There are many kinds of shrubs and trees that can be forced into early leaf and flower. You just have to follow a few simple steps. Phil Mueller from Star Valley Flowers shared these helpful tips for forcing plants.
Any woody, deciduous shrub or tree that flowers early in the spring -- such as forsythia, dogwood, and, of course, pussy willows -- makes the best candidate. The general rule is, if it flowers or produces a catkin before leaves, it will most likely be a good forcible item. Pussy willows can last for weeks, while something flowering like a quince or forsythia will drop its flowers after a week to 10 days. This will also depend on how warm and dry your house is and if you keep the plants out of direct sunlight.
Most plants need a cold or dormant period of at least six to eight weeks after leaf drop to form new flower buds or catkins. Although the date to cut will vary according to the tree or shrub you choose, it is generally best to wait until after January 1. The closer you cut branches to the actual date the plant naturally flowers, the faster and more uniform the bloom will be. A general rule is that it takes one to four weeks to get full blooms for most plants.
At the farm, Phil uses 5-gallon buckets. For home owners, he recommends using something smaller, like a galvanized flower bucket.
Treating the Ends of Branches
Don't hammer the ends of the branches. Instead, make sure the ends are freshly cut before they go into water. A sharp, clean bypass pruner gives the best cut. A fresh cut is the best cut and you should get the branches into water within 20 minutes of cutting, otherwise the exposed cells begin to close and will not absorb water. Once a fresh cut is made, the branches can be put into a clean, sterile container with fresh, warm water. Add a floral preservative to help keep the water fresh.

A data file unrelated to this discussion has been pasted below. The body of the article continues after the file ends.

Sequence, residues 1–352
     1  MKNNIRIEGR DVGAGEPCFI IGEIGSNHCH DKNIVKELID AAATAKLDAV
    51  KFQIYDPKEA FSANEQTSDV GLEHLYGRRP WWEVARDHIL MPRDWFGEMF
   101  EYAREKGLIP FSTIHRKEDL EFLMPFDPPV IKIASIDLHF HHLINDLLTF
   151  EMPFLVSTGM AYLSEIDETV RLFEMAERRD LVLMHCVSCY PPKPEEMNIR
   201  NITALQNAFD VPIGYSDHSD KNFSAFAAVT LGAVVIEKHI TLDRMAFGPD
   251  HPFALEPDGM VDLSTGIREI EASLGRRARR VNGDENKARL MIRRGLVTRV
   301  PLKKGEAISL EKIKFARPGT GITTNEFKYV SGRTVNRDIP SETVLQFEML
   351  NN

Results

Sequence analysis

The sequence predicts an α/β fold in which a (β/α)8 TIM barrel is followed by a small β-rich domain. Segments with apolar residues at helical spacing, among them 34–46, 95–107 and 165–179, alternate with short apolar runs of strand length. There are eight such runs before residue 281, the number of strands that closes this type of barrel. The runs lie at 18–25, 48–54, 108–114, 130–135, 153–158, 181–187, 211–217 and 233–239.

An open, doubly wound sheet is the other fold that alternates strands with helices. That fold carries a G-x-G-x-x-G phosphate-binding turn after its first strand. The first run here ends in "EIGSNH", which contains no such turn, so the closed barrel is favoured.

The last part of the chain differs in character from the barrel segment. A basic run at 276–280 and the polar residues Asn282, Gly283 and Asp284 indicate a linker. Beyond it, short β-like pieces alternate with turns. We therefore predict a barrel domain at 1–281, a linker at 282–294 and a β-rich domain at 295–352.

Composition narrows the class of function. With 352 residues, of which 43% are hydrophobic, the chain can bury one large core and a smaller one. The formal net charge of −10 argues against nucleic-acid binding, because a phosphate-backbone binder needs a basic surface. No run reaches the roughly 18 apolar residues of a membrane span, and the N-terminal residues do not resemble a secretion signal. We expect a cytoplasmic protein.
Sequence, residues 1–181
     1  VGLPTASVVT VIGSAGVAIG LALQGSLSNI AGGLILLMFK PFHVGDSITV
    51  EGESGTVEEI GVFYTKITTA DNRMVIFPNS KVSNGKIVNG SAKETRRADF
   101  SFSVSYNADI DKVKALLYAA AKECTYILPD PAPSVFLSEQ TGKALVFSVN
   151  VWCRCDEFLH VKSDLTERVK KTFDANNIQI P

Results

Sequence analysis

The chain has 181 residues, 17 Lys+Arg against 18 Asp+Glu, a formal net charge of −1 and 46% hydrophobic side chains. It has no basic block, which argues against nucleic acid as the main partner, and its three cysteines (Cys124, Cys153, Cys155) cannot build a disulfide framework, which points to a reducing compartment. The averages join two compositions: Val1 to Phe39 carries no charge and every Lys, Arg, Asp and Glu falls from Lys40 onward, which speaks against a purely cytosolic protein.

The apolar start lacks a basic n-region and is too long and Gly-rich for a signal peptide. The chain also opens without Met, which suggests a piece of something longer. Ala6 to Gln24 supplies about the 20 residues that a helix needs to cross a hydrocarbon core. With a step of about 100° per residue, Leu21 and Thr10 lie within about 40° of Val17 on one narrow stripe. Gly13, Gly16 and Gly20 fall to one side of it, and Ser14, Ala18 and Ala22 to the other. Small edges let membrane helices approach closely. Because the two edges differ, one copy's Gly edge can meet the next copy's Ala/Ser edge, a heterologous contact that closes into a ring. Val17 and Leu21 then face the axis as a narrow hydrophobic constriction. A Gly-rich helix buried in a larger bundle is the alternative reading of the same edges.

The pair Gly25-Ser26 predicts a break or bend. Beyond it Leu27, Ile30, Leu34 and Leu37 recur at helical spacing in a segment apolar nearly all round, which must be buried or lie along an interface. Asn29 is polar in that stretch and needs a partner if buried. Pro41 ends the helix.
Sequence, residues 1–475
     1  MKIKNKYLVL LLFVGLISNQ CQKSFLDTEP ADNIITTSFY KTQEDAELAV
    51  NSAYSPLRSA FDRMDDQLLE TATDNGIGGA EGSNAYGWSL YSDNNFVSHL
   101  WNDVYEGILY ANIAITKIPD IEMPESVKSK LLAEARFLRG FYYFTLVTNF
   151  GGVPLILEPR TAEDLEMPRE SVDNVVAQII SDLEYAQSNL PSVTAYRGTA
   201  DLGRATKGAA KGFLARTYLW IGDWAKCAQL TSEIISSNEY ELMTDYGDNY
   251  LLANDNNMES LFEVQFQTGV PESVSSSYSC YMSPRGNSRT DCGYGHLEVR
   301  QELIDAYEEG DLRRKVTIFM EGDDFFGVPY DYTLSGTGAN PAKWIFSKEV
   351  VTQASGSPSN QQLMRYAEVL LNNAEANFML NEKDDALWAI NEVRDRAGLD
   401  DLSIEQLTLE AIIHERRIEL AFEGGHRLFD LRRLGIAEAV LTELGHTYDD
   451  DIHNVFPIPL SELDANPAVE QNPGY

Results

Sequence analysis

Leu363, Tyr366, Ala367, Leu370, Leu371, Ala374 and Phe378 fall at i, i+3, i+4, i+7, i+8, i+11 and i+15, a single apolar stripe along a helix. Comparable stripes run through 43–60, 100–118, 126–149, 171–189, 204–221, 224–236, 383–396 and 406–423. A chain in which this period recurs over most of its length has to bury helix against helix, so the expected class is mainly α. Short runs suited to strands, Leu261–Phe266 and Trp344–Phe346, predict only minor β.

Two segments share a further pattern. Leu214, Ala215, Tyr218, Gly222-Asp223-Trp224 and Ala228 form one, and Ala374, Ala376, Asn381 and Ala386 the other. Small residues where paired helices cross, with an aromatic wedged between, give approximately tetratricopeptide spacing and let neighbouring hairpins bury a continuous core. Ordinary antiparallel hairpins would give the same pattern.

Caring for Branches
The best spot for the branches while being forced is out of direct sunlight in a cool space, like an unheated garage, basement, or porch. The ideal temperature is 50 to 60 degrees. Keep them away from heating vents and drying drafts or breezes. Try to recreate the outdoor environment indoors; in other words, cool and moist. To do this, give the branches a shower once a week by placing the whole container in the tub and spraying it down. A large plastic bag loosely tied around the branches can also help hold in humidity. Watch for the buds to "break," which means the bud scales will expand and open as the flower/catkin swells. This is the signal that they are ready for arranging.
51468 County Road C
Soldiers Grove, WI 54655
For this segment, we used forsythia, magnolia, silver maple, acer saccharinum, red and yellow twig dogwood, quince, and witchhazel (Hamamelis vernis).